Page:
- Both Record of Lodoss War and Slayers are often called anime adaptations of Dungeons & Dragons. Former is how the game is intended to be played. Latter is how it usually turns out. It helps both series were based on respective author's D&D game.
- Future War 198Xis the closest thing to a The Third World War movie adaptation.
- Simon R. Green's Deathstalker series will be immediately familiar and fun territory to any Warhammer 40,000 player.
- The Nina Wilde series by Andy McDermott, about a semi-reluctant Adventurer Archaeologist, obviously takes more than a few cues from (and frequently references) Indiana Jones and Lara Croft. However, the number of pitched gun battles in exotic locations and rare vehicles which inevitably explode makes it far more akin to the written form of Uncharted.
- The Hunger Games is probably the closest that we'll get to an American remake of Battle Royale. And that is all that needs to be said.
- The best Dungeons & Dragons novel is, without a doubt, The Deed of Paksenarrion.
- Aside from a very important (from a narrative perspective) difference in how healing magic works, the Iron Druid Chronicles might as well take place in the same universe as the Dresden Files.
- Actually while they look very similar on the surface, both magic and the whole supernatural thing works very differently in those books. For magic: Dresden Files goes with Witch Species and all human magic is pretty much standardized as differences between ritual and ritual only matter for the caster (fire is fire no matter how the wizard made it), but Iron Druid runs pretty much on Theurgy and Deals and differences between magic sources are significant (fire form source A is not like fire from source B). From supernatural: ID has a lot more focus on Clap Your Hands If You Believe while DF is more focused on questions of the Sliding Scale Of Free Will VS Fate (Monsters have natures, mortals free will).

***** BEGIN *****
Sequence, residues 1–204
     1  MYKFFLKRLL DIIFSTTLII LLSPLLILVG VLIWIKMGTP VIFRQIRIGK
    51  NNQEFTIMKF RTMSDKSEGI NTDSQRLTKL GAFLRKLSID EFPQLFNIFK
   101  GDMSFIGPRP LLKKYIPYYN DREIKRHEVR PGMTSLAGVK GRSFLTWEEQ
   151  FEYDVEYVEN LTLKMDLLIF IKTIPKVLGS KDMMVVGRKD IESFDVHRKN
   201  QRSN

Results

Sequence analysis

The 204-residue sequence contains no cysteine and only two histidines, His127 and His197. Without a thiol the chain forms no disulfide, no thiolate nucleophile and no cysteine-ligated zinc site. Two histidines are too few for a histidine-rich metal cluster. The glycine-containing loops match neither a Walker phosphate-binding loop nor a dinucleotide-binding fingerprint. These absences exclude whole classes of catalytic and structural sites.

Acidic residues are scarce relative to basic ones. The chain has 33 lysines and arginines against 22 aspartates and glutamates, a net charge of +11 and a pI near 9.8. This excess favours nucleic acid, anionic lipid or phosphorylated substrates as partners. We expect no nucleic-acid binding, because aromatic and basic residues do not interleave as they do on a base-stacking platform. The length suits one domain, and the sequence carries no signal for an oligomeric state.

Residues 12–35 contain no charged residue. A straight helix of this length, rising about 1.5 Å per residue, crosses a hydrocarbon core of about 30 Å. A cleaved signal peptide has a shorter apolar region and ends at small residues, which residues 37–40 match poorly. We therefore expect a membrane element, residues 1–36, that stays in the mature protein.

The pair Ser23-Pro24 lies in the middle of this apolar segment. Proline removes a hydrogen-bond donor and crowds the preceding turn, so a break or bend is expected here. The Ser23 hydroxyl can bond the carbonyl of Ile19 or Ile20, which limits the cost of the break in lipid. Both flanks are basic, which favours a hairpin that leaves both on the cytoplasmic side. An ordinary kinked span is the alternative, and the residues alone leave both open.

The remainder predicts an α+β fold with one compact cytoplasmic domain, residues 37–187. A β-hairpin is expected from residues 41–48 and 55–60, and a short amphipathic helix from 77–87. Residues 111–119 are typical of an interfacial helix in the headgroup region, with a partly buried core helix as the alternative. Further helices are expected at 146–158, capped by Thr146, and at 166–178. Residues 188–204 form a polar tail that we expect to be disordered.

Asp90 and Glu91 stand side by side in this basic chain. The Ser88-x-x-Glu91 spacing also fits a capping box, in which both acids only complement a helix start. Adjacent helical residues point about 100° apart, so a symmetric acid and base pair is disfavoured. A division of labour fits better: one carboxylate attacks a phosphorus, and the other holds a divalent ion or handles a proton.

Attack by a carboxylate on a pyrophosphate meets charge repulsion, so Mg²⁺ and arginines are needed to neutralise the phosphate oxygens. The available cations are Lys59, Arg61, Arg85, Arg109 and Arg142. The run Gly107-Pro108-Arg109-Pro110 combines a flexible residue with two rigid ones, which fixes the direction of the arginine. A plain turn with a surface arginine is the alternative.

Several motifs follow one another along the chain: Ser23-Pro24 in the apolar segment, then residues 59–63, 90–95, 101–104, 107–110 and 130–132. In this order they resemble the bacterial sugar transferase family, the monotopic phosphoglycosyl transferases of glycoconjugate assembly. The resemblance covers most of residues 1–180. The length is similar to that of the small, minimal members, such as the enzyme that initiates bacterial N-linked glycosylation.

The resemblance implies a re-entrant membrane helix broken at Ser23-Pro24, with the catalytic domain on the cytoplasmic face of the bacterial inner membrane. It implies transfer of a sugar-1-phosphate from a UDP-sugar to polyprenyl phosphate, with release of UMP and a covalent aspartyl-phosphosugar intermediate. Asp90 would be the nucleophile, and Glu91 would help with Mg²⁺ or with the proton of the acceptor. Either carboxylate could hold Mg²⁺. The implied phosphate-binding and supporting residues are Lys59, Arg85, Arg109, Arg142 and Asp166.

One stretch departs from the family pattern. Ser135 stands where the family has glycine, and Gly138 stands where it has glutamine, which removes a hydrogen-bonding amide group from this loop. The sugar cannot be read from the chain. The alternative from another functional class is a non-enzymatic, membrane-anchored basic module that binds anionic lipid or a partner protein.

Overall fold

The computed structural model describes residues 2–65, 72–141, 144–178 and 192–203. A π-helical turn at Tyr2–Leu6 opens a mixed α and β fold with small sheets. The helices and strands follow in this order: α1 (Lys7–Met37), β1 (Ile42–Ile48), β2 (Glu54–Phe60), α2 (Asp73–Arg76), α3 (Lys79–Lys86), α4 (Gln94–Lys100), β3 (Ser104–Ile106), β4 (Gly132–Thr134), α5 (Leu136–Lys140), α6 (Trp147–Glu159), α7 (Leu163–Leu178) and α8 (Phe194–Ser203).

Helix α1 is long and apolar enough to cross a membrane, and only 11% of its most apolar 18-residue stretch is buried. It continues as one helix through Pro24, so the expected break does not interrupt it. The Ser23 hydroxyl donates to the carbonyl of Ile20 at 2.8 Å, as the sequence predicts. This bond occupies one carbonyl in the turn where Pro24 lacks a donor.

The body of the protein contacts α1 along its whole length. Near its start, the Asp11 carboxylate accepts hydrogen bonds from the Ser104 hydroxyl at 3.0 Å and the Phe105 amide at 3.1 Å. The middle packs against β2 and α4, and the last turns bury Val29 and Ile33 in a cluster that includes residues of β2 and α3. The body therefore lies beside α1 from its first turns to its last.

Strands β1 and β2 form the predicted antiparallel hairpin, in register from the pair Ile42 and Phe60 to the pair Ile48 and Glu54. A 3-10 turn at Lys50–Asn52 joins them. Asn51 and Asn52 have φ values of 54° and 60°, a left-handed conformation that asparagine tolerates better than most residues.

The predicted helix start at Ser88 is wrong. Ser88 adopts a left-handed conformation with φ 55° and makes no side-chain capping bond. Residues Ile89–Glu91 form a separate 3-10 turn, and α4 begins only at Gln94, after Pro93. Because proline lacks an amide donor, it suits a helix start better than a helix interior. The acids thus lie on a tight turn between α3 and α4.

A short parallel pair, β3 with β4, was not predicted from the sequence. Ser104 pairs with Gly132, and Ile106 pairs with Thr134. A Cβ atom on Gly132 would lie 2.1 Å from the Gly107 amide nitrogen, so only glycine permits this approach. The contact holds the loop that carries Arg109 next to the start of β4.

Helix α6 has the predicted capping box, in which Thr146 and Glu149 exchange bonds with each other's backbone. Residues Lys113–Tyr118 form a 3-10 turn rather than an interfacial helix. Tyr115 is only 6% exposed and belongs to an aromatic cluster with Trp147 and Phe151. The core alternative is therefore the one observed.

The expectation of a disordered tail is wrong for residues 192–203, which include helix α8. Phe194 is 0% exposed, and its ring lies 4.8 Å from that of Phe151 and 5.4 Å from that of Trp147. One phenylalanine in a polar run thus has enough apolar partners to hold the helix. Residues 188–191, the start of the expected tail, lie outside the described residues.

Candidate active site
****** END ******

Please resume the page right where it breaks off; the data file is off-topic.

Live Action TV
- American Gothic: Lucas Buck from American Gothic and Randall Flagg from The Stand share so many similarities that the show can almost be considered a TV show starring Randall Flagg and his attempts to have a heir. Like Flagg, Buck is handsome, charismatic southerner who might or might not be the devil or a demon, who is fond of making deals and enslaving others through their vices and desires. He has understated supernatural powers, is seemingly ageless, and most of all wants a son.
- Babylon 5: Has strong elements of The Lord of the Rings IN SPACE!! Word of God says it's supposed to be The Silmarillion IN SPACE!!
- The Brady Bunch: So close to being Yours Mine And Ours Recycled: The Series that the filmmakers threatened to sue.
- Breaking Bad is exactly what if Fargo had its own TV show.
- The Borgias: This show is just close enough to being an adaptation of Assassin's Creed II that one half-expects Ezio and company to show up at any time.
- Choujin Sentai Jetman: This show is what Science Ninja Team Gatchaman would've been had it been remade into a live-action series.
- Dark Angel: This show was James Cameron's attempt to make an unofficial live-action version of Gunnm (aka Battle Angel Alita) after the official version he was scheduled to direct went into Development Hell.
- More than a few have claimed that this show is what Blake's 7 would have been if remade in the 21st Century. They're not far off.
- Farscape could also be considered how Tim Burton would make a Space Opera.
- This show is often considered the best live-action version of Outlaw Star ever made.
- Paul Darrow (Avon in Blake's 7) has explicitly said in a DVD extras interview that he considered Firefly to have been the 21st century remake.
- F Troop: This show is seen by some as a derivative of the Glenn Ford comedy film, Advance To The Rear.
- Heroes: There are those who consider this show a jazzier version of the X-Men. Others consider it the television version of DP 7.
- The Holy Pearl: This Chinese Drama has been said to be an unofficial adaptation of Inuyasha.